Gertrude Stein was a prolific writer, and her body of work includes novels, plays, and poetry. Here are some of her main works:

Each of these works contributed to Stein’s reputation as a leading figure in Modernist literature[1†]. Her innovative writing style, characterized by its stream-of-consciousness technique and its emphasis on the musicality and rhythm of language, has been both praised and criticized[1†]. Despite the controversy, her influence on 20th-century literature is undeniable[1†].

Analysis and Evaluation

Gertrude Stein’s work is often described as abstract, repetitive, and nonsensical[7†]. However, these terms do not fully capture the remarkable literary achievement that her work represents[7†]. Stein’s writing is characterized by a focus on the present moment of consciousness[7†][8†]. She radicalized her writing to concentrate on the here and now, the mystery of consciousness, and ultimately the enigma of language and words[7†][8†].

Stein’s style is unmistakably her own and serves as a signature to all her works[7†][8†]. Her innovative writing style, characterized by its stream-of-consciousness technique and its emphasis on the musicality and rhythm of language, has been both praised and criticized[7†][8†]. Despite the controversy, her influence on 20th-century literature is undeniable[7†][8†].

Stein was a creative person with a strong personality, a gift for conversation, and a good ear, and her home became a center for the avant-garde circle of artists in Paris during the early 1900s[7†][8†]. Among contemporaries, she was recognized as a fascinating individual, a woman of strong opinions and definite views, a lively intelligence, and vibrant mind[7†][8†]. Among the cultural historians who came later, she was acknowledged to be a person of enormous creative influence and empowering force[7†][8†].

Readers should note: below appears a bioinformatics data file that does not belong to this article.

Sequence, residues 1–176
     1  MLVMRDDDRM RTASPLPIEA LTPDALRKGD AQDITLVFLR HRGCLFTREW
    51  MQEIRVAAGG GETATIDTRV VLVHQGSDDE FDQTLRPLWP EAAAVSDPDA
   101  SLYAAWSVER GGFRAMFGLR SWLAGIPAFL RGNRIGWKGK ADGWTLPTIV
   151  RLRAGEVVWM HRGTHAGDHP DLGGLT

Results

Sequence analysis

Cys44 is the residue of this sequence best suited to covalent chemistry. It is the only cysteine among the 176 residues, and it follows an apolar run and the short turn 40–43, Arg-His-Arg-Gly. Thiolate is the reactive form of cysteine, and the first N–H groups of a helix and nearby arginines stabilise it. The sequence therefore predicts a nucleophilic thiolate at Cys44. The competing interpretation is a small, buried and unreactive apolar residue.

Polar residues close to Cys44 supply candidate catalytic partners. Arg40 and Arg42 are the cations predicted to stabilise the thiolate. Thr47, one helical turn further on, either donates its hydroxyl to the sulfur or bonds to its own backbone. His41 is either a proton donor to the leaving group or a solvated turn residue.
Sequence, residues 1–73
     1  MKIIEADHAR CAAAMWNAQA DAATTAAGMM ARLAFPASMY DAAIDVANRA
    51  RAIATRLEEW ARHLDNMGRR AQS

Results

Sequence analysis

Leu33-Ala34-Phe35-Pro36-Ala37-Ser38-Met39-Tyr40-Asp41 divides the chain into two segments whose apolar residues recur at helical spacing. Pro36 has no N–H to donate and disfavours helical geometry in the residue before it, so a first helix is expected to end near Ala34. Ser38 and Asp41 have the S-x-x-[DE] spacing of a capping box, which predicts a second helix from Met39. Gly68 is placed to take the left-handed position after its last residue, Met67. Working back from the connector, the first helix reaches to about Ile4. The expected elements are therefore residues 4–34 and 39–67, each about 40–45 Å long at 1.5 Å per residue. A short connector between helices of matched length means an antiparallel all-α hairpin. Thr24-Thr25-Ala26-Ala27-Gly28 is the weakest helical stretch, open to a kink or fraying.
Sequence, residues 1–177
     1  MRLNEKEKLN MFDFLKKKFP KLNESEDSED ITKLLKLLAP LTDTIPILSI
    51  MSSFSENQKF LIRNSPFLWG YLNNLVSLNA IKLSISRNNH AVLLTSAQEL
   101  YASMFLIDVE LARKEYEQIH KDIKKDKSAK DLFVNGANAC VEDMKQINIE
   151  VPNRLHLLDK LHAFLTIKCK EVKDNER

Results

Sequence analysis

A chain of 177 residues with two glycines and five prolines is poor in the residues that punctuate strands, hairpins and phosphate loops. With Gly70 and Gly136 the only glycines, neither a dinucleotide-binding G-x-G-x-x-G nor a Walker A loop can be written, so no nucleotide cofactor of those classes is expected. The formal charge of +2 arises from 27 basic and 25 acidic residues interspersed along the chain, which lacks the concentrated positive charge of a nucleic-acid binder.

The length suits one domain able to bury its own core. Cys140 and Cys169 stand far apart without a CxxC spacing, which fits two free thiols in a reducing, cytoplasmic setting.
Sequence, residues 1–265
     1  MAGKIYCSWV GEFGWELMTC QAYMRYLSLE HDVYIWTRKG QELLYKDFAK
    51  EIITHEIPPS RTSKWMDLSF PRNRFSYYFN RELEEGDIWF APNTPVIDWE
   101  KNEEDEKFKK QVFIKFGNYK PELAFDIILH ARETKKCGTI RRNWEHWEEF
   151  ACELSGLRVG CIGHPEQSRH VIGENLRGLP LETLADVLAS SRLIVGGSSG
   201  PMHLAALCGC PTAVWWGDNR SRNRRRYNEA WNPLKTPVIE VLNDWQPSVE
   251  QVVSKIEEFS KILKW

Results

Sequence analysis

Stein saw beyond the prejudices of the existing art establishment, becoming the first important patron to some of the great pioneers of twentieth-century modernism[7†][9†]. Her vocal and financial interventions went a long way to deciding the future fortunes of those she called the "New Moderns"[7†][9†]. Stein was one of the first to recognize the potential for Picasso’s early Cubist works[7†][9†]. While most were struggling to comprehend the Cubist agenda, Stein was hailing it as the future of art[7†][9†].

Personal Life

Gertrude Stein was born on February 3, 1874, in Allegheny, Pennsylvania[1†]. She spent her infancy in Vienna and in Passy, France, and her girlhood in Oakland, California[1†][3†]. She was the youngest of a family of five children, born to upper-middle-class Jewish parents, Daniel Stein and Amelia Stein, née Keyser[1†]. Her father was a wealthy businessman with real estate holdings[1†]. German and English were spoken in their home[1†].

When Stein was three years old, she and her family moved to Vienna, and then Paris[1†]. Accompanied by governesses and tutors, the Steins endeavored to imbue their children with the cultured sensibilities of European history and life[1†]. After a year-long sojourn abroad, they returned to America in 1878, settling in Oakland, California, where her father became director of San Francisco’s streetcar lines[1†].

Stein lived most of her adult life in Paris, where she moved in 1903[1†][10†]. She lived with her older brother Leo, who became an accomplished art critic, until 1909[1†][3†]. Thereafter, she lived with her lifelong companion, Alice B. Toklas[1†][3†]. Stein and Toklas’s Paris home was a salon for the leading artists and writers of the period between World Wars I and II[1†][3†].